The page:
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Nov 2, 201701:13 PMMosaic Marketplace

with Deborah Biddle — A blog for diverse business enterprises in and around Madison.

Community and collaboration: Keys to enhancing diversity at performing arts centers

(page 4 of 4)

DB:  My family and I have lived here now for 11 years, and I never felt like the programming wasn’t inclusive. There was always a little something for everybody, though not well attended by people of color.

EH: That’s the rub. You just said it. It wasn’t well attended. It’s a travesty to me to have all this great programming — and some of it is free — and folks don’t attend. For folks not to be aware of it — for whatever reason, whether marketing strategies that are being used or perceptions in the community that Overture Center was not necessarily a place for them. As another example, Diana Ross was here. She’s one of the all-time great R&B icons. When she was here, there was hardly anyone of color in the audience.

DB: What’s the biggest challenge for you in terms of specifically partnering with businesses in the community and minority businesses?

EH: That’s a good question. It’s about finding an entry point with businesses that make sense. With Ed Shinnick it made sense because I felt like I already had a connection. It’s got to make sense. I was doing a cultural awareness lunch and partnered with Mercado Marimar on Park Street. It’s a grocery store where they have homemade tortillas. They make authentic food right there. I know Maria, the owner. I told her I wanted to support her business because we were doing a Cinco de Mayo lunch at Overture Center. I do cultural awareness lunches once a month. We discuss a particular culture, provide some written information, and have authentic food from the culture. It’s a way to build collegiality around cultural awareness. That was a natural opportunity for me to connect with and support that business. We spent money with one of the neighborhood businesses. It wasn’t a chain. It was a local business and I made sure that everybody knew where the food came from. If they enjoyed it, they could go and support that business.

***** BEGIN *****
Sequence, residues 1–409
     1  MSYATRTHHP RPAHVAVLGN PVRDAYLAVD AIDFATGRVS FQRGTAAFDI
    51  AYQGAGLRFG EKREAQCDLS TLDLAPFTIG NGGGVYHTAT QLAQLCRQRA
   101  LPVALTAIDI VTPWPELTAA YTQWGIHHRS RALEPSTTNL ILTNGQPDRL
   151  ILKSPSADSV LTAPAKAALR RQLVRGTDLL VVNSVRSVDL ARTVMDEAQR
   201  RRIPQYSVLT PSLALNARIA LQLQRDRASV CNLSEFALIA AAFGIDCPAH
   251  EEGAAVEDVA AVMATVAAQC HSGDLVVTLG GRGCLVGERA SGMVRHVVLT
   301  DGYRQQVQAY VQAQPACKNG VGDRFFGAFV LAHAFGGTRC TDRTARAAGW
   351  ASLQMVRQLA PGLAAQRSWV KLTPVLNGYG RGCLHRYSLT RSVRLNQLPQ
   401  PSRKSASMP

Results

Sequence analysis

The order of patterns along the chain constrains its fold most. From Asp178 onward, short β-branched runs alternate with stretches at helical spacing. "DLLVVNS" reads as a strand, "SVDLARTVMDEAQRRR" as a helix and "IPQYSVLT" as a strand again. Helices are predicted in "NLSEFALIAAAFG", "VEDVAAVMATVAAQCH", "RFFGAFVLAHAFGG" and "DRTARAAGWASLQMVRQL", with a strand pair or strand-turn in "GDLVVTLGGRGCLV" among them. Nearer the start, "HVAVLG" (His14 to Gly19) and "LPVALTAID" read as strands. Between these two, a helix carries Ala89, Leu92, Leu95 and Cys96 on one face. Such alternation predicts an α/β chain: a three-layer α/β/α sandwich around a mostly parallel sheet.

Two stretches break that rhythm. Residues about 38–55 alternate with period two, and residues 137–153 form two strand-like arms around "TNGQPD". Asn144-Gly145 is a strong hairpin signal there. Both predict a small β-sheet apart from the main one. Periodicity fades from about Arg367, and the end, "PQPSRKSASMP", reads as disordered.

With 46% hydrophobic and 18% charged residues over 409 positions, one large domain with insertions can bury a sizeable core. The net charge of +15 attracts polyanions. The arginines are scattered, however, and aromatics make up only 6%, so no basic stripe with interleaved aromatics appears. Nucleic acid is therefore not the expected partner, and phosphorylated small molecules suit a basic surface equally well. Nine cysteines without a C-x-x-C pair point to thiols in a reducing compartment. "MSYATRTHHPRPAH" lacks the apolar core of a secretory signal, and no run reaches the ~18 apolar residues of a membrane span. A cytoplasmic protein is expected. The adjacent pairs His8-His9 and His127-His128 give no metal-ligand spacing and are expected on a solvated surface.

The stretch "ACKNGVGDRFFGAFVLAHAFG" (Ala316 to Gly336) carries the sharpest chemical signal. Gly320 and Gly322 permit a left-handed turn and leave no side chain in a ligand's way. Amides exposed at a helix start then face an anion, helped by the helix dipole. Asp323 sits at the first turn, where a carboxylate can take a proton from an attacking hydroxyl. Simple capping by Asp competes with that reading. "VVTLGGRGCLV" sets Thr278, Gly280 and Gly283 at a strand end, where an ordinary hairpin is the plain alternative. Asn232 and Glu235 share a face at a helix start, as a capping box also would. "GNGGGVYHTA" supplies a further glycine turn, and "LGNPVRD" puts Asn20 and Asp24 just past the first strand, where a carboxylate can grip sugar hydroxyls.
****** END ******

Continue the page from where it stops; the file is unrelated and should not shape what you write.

I guess it doesn’t make a difference what the business is, but it has to be something that’s not manufactured. It has to be something that is a natural connection. I’ll give another quick example. We co-sponsored a pre-show reception with Wynton Marsalis at the jazz club, Café CODA, while he was in town to perform at the Overture Center. It’s a natural connection and we both benefitted from that.

DB: In an ideal world, what would you like to see happen with the minority business community and the Overture Center?

EH: Be aware that we’re here and we’re doing outreach. We’ve got to create entry points that make sense for collaboration. I think the piece that people don’t recognize is that we are a private nonprofit. So, we’re always trying to find ways to connect with the community around the mission of the organization, but we also have a commercial side where we try to find ways to generate funds in order to be fiscally responsible. So, there’s always a balance between making sure that the mission of the organization is fulfilled while we are fulfilling our commercial interest, as well.

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